The El Portal Fire, burning in Yosemite National Park and the Stanislaus National Forest, has taken a familiar path. Starting very close to where the 1989 A-Rock Fire began, it easily burned up the steep canyon slopes, out of reach of firefighters. Not too many people are making the connection between this set of fires, the A-Rock, the Big Meadow and now the El Portal Fire, and the Rim Fire re-burn (and its prior fires).
Below is what the Foresta area looked like in November. Did those green trees survive this fire? We can’t be sure until the bark beetles have decided their fate, over the next few years. The forested slopes in the background were salvaged under the original A-Rock salvage project, and you can see that it looks about as good as a burned and salvaged landscape can be. Parts of that ridge top have had 13 fires in the last 100 years. The northern third of the fire burned into areas partially burned in the Big Meadow Fire. Up there, fuels are much heavier, and some of it had made it to the ground.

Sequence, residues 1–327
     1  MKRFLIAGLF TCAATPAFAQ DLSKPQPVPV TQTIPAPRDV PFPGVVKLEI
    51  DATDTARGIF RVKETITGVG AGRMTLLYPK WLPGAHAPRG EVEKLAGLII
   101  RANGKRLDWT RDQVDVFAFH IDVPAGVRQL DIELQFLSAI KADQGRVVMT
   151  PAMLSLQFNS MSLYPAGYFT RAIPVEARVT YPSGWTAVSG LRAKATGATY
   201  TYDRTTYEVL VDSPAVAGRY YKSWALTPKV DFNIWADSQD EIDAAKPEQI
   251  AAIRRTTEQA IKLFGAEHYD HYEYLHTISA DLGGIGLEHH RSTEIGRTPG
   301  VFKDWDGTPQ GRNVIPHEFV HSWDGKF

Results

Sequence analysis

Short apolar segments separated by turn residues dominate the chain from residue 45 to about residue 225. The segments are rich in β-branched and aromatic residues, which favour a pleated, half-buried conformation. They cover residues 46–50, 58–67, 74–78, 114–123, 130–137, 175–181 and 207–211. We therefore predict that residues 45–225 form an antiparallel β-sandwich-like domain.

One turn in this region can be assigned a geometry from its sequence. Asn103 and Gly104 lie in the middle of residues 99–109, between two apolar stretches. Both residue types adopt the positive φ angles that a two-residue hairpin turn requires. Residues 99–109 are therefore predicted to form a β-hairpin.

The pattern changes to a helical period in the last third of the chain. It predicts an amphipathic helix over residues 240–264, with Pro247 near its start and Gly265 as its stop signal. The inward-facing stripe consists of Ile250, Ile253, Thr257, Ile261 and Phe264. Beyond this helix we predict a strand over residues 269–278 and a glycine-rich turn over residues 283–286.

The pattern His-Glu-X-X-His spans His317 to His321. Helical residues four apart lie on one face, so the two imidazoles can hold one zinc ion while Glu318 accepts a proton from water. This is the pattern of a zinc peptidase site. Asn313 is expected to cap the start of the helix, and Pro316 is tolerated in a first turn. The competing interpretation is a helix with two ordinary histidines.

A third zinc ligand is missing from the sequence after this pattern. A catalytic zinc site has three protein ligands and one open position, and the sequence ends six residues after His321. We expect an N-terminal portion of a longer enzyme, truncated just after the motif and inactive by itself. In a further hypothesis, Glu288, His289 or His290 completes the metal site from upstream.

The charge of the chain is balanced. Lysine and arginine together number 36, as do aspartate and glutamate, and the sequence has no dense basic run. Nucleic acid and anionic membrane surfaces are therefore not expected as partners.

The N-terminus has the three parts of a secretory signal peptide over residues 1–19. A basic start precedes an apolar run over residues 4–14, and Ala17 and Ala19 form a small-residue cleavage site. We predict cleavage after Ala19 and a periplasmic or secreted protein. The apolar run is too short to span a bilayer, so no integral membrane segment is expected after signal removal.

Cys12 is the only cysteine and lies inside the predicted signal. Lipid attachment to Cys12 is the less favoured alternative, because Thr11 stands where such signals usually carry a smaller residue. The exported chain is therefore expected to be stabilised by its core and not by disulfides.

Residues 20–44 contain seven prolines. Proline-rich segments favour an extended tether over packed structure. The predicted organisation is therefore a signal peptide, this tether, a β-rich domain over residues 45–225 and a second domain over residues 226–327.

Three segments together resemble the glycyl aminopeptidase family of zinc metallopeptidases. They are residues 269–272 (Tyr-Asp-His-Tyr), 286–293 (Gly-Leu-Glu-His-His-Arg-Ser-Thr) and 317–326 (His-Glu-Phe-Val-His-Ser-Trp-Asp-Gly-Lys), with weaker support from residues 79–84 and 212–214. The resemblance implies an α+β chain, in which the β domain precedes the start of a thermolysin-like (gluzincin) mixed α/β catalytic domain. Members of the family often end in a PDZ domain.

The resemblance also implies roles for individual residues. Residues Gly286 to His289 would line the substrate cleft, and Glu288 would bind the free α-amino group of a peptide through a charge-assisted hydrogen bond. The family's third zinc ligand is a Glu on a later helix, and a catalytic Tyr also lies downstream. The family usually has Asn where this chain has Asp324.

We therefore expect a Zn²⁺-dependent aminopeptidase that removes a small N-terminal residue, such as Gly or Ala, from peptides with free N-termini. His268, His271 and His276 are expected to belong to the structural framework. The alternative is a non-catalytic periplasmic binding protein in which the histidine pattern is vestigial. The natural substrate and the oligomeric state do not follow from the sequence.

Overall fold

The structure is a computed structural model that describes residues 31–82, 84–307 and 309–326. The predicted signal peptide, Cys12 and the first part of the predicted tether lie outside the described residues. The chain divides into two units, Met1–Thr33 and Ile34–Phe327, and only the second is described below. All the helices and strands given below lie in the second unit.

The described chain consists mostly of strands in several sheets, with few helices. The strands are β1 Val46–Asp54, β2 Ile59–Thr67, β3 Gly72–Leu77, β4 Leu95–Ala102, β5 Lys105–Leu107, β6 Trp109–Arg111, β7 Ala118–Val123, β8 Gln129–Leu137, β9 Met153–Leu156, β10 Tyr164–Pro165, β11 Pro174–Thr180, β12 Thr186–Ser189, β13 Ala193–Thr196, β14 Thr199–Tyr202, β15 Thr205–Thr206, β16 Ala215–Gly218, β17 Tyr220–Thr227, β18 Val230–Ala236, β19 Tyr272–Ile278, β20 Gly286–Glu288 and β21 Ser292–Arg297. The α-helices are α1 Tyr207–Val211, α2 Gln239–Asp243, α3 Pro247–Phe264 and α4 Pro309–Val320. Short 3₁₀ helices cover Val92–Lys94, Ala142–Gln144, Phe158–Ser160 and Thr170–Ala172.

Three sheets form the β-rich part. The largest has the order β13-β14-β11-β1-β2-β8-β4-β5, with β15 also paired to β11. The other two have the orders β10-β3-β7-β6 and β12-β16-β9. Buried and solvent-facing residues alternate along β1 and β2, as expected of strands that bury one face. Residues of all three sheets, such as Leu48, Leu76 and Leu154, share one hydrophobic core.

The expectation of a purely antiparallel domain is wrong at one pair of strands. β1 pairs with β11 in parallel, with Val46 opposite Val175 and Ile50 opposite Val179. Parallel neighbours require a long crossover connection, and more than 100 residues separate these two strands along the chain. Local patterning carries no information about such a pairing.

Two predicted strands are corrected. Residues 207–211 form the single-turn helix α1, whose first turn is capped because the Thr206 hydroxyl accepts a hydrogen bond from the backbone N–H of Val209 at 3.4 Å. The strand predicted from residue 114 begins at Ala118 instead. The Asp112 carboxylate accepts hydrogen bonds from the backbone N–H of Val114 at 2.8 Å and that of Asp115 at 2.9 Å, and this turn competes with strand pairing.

Edit: The fire’s boundary has slopped over that far ridge top but, there is less fuel on that dry west-facing slope, and the fire is just smoldering at the north end. Now, with more re-burn! It will be interesting to see how intense it was, burning through the salvaged part of the A-Rock Fire.
So, how long do you think it will take to turn this former pristine old growth stand back into a viable forest? Remember, this was a prime summer site for Indians, who expended a lot of time and energy to manage the ladder fuels. You can also go see the bigger picture here, at https://firstname.lastname@example.org,-119.7624808,7211m/data=!3m1!1e3?hl=en The northern end is very close to Crane Flat. Suppression costs have topped 8 million dollars. Also, how long will it take before blackbacked woodpeckers are on THIS piece of land? We need to learn from this example, or be doomed to repeat this moonscape.